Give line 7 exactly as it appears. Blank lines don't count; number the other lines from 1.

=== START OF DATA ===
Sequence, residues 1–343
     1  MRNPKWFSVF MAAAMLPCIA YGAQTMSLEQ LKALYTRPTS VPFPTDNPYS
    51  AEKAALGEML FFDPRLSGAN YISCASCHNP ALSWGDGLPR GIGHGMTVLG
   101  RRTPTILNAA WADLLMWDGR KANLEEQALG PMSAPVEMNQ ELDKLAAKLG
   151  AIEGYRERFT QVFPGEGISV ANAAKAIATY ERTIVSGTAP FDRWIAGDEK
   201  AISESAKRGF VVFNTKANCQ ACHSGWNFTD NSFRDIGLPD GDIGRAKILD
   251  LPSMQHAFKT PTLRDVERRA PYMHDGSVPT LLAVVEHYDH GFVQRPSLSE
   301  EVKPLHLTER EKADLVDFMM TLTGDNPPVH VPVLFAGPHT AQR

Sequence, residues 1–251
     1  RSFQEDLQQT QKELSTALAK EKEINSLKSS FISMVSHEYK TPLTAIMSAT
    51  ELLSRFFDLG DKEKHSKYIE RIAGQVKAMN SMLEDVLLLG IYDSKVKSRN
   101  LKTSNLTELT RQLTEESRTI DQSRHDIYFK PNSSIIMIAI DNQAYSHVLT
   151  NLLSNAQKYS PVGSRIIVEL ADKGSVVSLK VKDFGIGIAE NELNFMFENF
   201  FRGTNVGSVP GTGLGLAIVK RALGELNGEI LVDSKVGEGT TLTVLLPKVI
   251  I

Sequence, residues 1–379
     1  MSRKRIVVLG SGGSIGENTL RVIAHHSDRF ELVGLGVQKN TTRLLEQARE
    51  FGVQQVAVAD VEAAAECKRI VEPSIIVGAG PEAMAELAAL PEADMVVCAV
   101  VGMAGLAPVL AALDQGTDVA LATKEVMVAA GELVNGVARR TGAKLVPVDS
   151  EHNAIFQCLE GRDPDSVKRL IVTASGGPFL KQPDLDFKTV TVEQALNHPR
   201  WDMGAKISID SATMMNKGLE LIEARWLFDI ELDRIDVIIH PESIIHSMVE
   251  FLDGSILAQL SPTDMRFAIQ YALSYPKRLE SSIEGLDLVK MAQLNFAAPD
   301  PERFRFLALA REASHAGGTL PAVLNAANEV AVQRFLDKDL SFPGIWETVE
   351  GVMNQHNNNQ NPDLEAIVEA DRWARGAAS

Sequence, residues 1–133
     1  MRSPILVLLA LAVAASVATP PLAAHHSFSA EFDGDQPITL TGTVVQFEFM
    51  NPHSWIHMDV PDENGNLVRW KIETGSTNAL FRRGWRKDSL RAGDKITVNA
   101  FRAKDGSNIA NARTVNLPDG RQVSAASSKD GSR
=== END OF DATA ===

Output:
   251  LPSMQHAFKT PTLRDVERRA PYMHDGSVPT LLAVVEHYDH GFVQRPSLSE